Thické traces these changes, the smaller but potent tremors of daily life, with the sensibility and sensitivity of a poet. He has a palpable desire to name them, to hold them in mind. Photography is the heartbeat of that need, enlivening other mediums like text and song. In the catalog for ORDER MY STEPS, photos are separated by cinematic title cards: The Resurrection of Reese, A Box is a Trap, ABSOLUTE: There are Certain Large Cardinals that Cannot Exist in the Constructible Universe. The show’s opening was accompanied by Parables, a performance featuring Thické’s own poetry, soprano Whitney Morrison, and Thické’s daughter, Jada, a young writer herself, who responded to Thické’s photographs of 1402 with a poem titled “Grief.” “It’s amazing,” he said. “When it came to speaking publicly, she was better than me.” She recited the poem with her father’s hand on her shoulder. “I can’t help but miss the time and memories in this place,” she read. “It’s empty now/gone/and the memories with it, dying slowly/fading away, without our consent/Lord, I don’t want to forget/please, don’t let me forget.” The Miami-based artist and director, Juan Luis Matos, documented 1402 Pork N Bean Blue, the series, in a short film of the same name—it won a 2022 Suncoast Regional Emmy. For this, Jada read the poem again, in one of the few Pork & Beans houses left.

Jada’s perspective gives her father’s photographs an even deeper potency. His work is collective, intergenerational. “I learn so much from my kids,” Thické tells me. Reflecting on traveling for his older son’s track meets and preparing for his younger son’s competitions—he’s a mathlete—he added that “nothing is for sure. I tell them that next year they might be in a whole different situation, and to take advantage of things when they can.  I’m just listening, trying to help them be the best people they can. That’s my calling.” He attributes his impulse to listen, “to try to realize who they are and help them cultivate it,” to his own father, who loved him deeply and who Thické cared for toward the end of his life. “I’m just happy to be here, being able to do this—I was always doing photography just for me, so…”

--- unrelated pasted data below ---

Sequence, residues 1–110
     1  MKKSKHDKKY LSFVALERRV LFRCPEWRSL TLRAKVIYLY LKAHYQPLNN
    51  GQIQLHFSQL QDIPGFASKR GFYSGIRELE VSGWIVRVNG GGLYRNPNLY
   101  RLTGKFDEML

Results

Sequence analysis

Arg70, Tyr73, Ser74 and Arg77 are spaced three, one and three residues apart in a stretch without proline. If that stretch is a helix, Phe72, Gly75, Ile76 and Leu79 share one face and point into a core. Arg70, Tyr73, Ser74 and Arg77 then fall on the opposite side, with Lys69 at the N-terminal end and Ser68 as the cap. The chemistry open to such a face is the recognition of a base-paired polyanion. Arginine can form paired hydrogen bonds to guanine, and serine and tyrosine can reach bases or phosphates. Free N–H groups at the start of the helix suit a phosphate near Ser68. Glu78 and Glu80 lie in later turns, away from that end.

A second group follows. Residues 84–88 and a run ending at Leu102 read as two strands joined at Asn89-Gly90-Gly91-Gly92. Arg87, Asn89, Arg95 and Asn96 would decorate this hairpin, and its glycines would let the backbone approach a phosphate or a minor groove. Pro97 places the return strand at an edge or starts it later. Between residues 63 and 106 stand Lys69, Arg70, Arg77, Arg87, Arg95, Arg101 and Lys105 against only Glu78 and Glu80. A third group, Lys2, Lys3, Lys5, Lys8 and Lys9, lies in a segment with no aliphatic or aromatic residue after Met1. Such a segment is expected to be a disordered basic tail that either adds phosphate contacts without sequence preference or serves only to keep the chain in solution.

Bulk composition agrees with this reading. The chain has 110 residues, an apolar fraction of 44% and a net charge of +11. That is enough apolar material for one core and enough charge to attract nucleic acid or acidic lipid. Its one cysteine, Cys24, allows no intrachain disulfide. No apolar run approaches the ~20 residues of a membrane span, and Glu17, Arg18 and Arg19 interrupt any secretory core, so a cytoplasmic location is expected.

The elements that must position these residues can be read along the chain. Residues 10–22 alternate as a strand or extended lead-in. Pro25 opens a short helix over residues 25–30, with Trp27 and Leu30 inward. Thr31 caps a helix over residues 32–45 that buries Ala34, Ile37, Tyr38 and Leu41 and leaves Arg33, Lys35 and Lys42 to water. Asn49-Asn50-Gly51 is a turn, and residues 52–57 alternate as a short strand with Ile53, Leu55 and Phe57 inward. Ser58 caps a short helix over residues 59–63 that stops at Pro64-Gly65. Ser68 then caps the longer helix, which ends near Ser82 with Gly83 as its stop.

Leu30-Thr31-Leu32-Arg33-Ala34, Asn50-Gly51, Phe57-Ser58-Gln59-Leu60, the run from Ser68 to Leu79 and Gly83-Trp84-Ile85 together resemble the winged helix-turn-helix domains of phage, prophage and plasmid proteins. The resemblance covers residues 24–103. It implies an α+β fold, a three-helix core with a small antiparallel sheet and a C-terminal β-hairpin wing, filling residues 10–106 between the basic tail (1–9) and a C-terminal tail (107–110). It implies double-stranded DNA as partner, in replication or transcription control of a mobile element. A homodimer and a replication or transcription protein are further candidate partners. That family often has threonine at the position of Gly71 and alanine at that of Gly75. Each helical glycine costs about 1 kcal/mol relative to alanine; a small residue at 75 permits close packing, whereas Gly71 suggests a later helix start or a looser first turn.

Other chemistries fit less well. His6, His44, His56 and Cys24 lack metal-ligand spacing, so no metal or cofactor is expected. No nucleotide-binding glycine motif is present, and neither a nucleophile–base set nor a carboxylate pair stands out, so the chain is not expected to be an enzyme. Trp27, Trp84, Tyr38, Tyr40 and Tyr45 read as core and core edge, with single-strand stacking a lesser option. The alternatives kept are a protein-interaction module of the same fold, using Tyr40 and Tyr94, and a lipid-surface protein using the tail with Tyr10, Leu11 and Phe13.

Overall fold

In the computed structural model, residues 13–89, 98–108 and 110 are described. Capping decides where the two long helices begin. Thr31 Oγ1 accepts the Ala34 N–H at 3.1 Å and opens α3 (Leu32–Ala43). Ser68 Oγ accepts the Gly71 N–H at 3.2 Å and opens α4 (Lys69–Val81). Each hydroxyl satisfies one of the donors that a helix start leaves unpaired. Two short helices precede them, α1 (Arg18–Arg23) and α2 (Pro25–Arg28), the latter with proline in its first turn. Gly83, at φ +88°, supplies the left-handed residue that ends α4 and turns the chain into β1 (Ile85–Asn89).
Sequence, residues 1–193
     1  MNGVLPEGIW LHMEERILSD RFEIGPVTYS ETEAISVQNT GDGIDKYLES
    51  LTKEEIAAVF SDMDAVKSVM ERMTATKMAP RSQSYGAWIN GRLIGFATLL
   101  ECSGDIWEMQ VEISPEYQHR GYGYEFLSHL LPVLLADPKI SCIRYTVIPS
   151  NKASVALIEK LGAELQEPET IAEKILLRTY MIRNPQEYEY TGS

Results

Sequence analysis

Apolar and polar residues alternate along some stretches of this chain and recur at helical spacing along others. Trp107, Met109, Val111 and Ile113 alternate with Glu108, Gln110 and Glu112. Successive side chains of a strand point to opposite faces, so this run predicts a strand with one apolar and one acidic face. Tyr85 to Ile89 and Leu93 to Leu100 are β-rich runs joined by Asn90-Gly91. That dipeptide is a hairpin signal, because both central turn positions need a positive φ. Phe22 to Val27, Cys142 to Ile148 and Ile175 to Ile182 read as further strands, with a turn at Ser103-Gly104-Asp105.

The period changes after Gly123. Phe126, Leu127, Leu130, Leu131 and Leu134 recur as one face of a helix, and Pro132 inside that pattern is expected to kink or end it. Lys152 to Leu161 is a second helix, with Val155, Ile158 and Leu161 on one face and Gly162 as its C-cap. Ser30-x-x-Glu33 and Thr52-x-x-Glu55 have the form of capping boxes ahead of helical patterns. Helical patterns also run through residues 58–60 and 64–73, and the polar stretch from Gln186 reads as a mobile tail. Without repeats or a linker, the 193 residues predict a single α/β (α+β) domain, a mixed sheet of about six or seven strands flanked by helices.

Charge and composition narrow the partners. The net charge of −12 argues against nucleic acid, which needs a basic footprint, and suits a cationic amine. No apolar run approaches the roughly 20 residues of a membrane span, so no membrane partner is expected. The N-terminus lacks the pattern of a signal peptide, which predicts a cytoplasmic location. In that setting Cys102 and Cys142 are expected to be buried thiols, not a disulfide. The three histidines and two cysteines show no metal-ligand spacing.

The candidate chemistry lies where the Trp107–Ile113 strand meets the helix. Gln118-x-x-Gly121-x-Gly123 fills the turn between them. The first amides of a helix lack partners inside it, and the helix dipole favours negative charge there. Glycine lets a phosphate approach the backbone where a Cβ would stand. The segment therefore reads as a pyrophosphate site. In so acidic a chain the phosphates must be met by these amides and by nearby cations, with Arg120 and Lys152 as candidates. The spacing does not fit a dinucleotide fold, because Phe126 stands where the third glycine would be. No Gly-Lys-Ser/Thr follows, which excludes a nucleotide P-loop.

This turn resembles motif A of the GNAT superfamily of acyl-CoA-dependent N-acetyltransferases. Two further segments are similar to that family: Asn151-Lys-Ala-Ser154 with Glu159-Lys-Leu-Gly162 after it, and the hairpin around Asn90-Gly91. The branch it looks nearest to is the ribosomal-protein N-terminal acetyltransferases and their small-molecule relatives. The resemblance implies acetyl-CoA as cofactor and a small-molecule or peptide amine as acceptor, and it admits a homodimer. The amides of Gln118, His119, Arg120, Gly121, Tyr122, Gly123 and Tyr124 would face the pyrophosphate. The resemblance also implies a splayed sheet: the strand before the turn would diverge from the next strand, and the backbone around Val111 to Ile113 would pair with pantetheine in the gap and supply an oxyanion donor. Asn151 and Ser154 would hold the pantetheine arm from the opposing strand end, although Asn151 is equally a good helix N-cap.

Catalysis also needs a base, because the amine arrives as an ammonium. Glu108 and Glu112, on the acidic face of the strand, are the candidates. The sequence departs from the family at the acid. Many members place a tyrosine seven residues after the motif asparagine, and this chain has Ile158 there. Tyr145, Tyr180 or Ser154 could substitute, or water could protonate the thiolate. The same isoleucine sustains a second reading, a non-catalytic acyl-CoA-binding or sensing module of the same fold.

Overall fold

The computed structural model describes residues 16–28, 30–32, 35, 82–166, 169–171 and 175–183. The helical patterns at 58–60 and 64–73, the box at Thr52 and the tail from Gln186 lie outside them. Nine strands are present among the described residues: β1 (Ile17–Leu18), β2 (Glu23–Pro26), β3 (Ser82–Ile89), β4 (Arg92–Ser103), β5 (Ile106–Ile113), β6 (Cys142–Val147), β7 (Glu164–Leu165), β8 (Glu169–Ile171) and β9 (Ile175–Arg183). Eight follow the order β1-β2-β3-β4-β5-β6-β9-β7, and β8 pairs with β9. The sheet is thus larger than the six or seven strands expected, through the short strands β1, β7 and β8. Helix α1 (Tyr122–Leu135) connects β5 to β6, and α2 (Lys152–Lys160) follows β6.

Thické trailed off, then. The rest of it is faith. He orders his own steps, following the flow of his life and those of his children and his city. He knows his photographs, however personal, are testaments to the places that are “being demolished as we speak,” he said, later. They’re proof of life. “There’s so much I don’t know. But I’m exploring and documenting it to lay it down, to see what’s going on. Sometimes you’ll have an artist’s work on the front of a gate—and inside that gate is a whole block that they’re tearing down to build a condo. Ten years from now, all of this will be gone.” He was speaking about Miami, though it’s true of life itself, especially now, as climate catastrophe and endless greed threaten to wash away generations of communities and their memories. Thické’s children give him hope. He’ll keep observing, keep trusting in the beauty he continues to find, everywhere.

I want to walk worthy

My calling to fulfill

Please order my steps Lord

And I’ll do Your blessed will

The world is ever changing

But You are still the same

If You order my steps

I’ll praise Your name

— From “Order My Steps In Your Word,” written by composer Glenn Edward Burleigh.